Activist chef Suzanne Barr on using food, culture and heritage to create community
The Gladstone Hotel’s new executive co-chef, Suzanne Barr, tells us how she incorporates her Jamaican roots in her cooking “as a love letter to her mother” and why empowering women in the restaurant industry is so important to her
By The Locallove.ca Team
“When I started out in my career, not just as a chef but as a working adult, I had so many mentors; I had people who guided me through this whole process of figuring out what it is to be an honest working person,” says Suzanne Barr, the new co-executive chef at the Gladstone Hotel.
One of Toronto’s top female chefs, Barr was the first “chef in residence” at the Gladstone. The program, which launched in July 2017, is the brainchild of hotel president Christina Zeidler, who was inspired by residence programs for artists. During her stint, Barr created a menu inspired by her Jamaican roots, called “Right of Passage: A love letter to my mother and our shared story of Caribbean immigration to Canada, food and memory.” It was a new experience for several reasons, not least because she’d never cooked Jamaican food professionally before. But the result is classic Barr: smart, boundary-pushing and, of course, delicious.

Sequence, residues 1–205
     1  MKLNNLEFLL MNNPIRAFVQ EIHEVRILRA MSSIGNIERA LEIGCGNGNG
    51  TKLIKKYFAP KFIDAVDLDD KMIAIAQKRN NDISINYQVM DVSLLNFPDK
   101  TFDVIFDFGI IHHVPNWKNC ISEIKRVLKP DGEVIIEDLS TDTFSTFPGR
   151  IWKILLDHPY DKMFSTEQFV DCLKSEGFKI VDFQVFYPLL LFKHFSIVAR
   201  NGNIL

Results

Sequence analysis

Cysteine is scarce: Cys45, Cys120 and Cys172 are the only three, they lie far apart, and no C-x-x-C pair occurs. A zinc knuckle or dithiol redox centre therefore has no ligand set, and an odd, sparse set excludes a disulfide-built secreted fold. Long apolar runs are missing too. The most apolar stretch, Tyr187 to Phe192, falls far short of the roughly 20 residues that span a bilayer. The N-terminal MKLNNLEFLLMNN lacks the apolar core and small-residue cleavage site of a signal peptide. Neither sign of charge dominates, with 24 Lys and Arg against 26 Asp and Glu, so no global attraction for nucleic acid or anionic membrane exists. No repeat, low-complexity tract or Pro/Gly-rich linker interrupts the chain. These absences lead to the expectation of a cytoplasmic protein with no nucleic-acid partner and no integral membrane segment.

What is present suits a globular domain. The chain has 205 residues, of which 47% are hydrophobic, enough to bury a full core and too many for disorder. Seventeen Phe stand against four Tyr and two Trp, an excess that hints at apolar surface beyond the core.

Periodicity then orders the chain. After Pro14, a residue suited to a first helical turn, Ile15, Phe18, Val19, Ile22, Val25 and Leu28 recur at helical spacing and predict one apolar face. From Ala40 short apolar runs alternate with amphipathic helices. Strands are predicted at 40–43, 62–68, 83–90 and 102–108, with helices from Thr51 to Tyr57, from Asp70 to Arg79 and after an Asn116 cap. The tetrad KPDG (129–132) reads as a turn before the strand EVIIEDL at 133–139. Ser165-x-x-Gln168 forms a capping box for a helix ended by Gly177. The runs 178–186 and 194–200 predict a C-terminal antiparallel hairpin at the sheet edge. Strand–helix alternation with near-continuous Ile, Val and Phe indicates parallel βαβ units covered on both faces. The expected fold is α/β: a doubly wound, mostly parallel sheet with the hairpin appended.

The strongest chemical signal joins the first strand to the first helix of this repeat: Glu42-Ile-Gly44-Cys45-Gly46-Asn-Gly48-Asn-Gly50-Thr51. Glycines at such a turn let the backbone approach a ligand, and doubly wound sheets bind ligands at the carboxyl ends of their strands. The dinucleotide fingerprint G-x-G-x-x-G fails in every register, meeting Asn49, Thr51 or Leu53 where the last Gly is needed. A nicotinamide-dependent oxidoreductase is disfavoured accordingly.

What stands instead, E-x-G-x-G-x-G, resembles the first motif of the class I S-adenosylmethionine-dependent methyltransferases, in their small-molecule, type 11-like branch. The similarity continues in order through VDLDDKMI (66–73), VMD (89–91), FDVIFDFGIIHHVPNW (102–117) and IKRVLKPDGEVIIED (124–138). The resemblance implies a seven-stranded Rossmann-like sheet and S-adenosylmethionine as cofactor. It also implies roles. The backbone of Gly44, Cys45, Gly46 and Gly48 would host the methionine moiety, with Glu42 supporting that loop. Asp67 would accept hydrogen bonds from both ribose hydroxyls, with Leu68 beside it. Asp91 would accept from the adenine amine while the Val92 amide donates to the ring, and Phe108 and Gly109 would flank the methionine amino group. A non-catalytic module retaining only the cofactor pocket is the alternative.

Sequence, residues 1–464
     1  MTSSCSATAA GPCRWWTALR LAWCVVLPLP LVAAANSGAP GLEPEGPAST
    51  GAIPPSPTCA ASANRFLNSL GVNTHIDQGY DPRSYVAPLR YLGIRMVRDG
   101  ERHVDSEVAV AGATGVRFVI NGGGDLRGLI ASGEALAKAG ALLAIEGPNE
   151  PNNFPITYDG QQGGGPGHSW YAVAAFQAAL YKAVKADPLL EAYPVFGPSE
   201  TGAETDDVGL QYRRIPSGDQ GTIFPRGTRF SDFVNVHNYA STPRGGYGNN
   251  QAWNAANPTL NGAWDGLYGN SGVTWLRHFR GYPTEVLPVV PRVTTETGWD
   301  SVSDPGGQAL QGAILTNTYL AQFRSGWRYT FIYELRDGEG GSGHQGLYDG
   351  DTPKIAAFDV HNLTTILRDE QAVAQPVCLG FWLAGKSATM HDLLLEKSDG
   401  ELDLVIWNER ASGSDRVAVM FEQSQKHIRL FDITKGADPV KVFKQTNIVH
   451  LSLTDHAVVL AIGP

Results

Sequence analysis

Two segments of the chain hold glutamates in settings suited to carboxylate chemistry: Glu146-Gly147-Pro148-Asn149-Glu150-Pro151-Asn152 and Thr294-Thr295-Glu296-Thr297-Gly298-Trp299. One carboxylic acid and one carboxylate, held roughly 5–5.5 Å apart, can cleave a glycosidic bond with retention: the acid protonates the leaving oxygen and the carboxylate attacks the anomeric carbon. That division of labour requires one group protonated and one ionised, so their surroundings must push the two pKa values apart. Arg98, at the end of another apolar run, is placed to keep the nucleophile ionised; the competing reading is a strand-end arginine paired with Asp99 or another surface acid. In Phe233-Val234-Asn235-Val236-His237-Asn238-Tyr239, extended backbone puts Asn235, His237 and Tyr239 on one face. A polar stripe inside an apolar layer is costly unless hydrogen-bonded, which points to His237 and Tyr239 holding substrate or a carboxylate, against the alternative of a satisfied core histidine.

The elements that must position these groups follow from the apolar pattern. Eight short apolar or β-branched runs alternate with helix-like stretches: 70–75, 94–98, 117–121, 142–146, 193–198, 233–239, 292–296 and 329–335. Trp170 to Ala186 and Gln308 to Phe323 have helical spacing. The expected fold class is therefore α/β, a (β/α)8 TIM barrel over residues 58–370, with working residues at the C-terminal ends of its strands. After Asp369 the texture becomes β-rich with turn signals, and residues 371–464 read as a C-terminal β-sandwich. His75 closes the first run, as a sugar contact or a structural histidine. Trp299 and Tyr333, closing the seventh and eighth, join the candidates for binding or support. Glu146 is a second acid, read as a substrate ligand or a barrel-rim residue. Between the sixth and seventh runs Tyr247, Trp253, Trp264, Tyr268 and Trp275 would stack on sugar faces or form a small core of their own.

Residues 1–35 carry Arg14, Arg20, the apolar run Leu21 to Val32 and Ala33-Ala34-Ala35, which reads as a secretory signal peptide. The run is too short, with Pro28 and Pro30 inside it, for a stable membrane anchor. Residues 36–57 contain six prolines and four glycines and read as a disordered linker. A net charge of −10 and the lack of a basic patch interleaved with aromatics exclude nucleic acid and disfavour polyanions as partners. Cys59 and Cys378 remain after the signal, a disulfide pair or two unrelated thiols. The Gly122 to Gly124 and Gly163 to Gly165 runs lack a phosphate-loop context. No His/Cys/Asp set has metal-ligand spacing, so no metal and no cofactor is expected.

“I was pulling from something that was true to me,” she says. “It was a time for me to reflect on, how can I make a statement in this city, and how can I be remembered?”
After her residence wrapped up, she made the leap to executive co-chef at the Gladstone. (Her fellow co-chef is Lamesa Filipino Kitchen co-founder Rudy Boquila.) But Barr isn’t just a chef, she’s an community leader—and she speaks as passionately about mentorship as she does about food. After working in Hawaii and New York City, and a stint as a personal chef which saw her traveling the world, she returned to Toronto to open her restaurant, Saturday Dinette, in 2014. A program called The Dinettes quickly followed. It provides YWCA clients with restaurant industry work experience and skills training—and gives Barr a chance to support and empower women in the community. In fact, one of the key reasons she started the Dinette program was a desire to recognize the mentorship she received, and pay it forward.
Barr closed Saturday Dinette last summer, just before starting at the Gladstone, but The Dinettes continues. There’s no way Barr would let it shutter—empowering women and building a better community is as much a part of her expertise as knife skills and flavor profiles.
“Being a mentor is one of the most important parts for me in why I became a chef,” she says. “Being a mentor now to young women in the kitchen is something I’m thankful for every day, because being a woman in the kitchen is a position of power. It’s a position of joy. It’s a position of leadership, and it’s a position of the future.”